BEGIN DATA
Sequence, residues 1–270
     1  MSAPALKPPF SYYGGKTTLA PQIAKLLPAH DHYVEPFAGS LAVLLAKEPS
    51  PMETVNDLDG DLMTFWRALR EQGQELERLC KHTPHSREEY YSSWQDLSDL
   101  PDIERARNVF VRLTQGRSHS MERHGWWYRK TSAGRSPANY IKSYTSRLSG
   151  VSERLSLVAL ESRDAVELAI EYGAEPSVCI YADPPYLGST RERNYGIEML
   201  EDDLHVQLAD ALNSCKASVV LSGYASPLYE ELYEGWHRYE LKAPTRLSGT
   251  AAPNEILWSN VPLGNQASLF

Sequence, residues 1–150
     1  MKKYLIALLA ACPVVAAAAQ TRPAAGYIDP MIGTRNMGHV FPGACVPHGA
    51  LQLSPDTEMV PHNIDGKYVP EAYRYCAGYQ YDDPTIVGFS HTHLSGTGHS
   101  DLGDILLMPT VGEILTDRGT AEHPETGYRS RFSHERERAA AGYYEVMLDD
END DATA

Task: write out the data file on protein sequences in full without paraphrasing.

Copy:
Sequence, residues 1–270
     1  MSAPALKPPF SYYGGKTTLA PQIAKLLPAH DHYVEPFAGS LAVLLAKEPS
    51  PMETVNDLDG DLMTFWRALR EQGQELERLC KHTPHSREEY YSSWQDLSDL
   101  PDIERARNVF VRLTQGRSHS MERHGWWYRK TSAGRSPANY IKSYTSRLSG
   151  VSERLSLVAL ESRDAVELAI EYGAEPSVCI YADPPYLGST RERNYGIEML
   201  EDDLHVQLAD ALNSCKASVV LSGYASPLYE ELYEGWHRYE LKAPTRLSGT
   251  AAPNEILWSN VPLGNQASLF

Sequence, residues 1–150
     1  MKKYLIALLA ACPVVAAAAQ TRPAAGYIDP MIGTRNMGHV FPGACVPHGA
    51  LQLSPDTEMV PHNIDGKYVP EAYRYCAGYQ YDDPTIVGFS HTHLSGTGHS
   101  DLGDILLMPT VGEILTDRGT AEHPETGYRS RFSHERERAA AGYYEVMLDD